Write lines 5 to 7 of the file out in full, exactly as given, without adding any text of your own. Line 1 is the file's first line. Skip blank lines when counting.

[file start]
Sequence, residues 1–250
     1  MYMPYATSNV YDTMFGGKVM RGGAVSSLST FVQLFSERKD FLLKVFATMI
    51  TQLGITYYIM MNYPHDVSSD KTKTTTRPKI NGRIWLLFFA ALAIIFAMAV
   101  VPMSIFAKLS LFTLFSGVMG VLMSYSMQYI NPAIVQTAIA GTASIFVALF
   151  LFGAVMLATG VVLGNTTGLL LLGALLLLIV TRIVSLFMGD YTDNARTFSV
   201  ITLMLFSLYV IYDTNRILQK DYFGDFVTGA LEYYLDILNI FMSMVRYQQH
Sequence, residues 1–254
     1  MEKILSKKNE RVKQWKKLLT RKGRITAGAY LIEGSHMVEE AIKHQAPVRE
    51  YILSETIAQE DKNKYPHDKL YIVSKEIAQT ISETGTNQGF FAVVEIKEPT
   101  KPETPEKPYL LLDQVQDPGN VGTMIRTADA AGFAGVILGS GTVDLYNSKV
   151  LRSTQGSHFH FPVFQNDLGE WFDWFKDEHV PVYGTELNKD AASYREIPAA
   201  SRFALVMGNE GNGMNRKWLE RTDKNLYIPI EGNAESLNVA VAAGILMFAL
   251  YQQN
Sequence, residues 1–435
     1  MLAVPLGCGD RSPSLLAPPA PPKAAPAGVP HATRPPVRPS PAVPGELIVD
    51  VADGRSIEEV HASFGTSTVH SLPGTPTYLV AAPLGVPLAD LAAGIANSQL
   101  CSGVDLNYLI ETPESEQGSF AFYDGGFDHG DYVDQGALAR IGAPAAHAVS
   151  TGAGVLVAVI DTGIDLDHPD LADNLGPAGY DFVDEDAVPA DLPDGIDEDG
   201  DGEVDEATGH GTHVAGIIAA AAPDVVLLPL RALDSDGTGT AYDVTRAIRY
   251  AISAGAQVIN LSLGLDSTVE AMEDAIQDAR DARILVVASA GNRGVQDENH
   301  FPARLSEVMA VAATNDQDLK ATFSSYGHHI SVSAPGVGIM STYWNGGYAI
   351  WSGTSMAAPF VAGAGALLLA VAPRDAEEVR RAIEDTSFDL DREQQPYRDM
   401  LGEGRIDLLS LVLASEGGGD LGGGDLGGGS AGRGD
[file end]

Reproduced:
   151  LFGAVMLATG VVLGNTTGLL LLGALLLLIV TRIVSLFMGD YTDNARTFSV
   201  ITLMLFSLYV IYDTNRILQK DYFGDFVTGA LEYYLDILNI FMSMVRYQQH
Sequence, residues 1–254